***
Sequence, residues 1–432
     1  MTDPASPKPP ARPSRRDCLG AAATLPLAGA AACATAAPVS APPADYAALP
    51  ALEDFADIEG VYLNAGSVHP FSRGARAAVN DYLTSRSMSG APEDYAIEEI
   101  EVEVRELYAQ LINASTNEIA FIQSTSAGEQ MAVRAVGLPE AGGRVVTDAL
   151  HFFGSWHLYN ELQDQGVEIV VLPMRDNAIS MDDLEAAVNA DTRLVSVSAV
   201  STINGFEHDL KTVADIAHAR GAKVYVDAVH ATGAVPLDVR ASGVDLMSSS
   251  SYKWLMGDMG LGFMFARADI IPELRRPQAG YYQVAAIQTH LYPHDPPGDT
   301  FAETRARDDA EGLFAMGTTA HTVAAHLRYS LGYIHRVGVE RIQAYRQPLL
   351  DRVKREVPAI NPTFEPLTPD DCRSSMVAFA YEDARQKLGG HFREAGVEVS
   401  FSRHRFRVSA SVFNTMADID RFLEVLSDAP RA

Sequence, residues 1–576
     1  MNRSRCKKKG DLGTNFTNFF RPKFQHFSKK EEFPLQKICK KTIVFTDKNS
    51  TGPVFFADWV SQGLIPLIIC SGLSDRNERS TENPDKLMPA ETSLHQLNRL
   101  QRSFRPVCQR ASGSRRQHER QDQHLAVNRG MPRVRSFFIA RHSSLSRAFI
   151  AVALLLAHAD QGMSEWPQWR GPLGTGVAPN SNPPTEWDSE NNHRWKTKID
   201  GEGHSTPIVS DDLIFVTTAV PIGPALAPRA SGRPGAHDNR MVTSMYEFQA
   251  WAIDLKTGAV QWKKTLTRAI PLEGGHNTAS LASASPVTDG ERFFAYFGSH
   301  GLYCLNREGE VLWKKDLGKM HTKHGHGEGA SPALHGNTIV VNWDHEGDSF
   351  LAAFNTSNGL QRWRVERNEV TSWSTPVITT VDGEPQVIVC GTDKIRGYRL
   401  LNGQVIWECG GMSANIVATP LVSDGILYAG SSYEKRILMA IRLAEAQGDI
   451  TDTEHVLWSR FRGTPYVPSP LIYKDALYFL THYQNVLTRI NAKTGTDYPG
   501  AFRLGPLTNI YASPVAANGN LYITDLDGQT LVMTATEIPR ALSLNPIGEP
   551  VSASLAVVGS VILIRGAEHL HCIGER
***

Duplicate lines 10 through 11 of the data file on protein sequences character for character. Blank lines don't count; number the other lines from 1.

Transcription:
   401  FSRHRFRVSA SVFNTMADID RFLEVLSDAP RA

Sequence, residues 1–576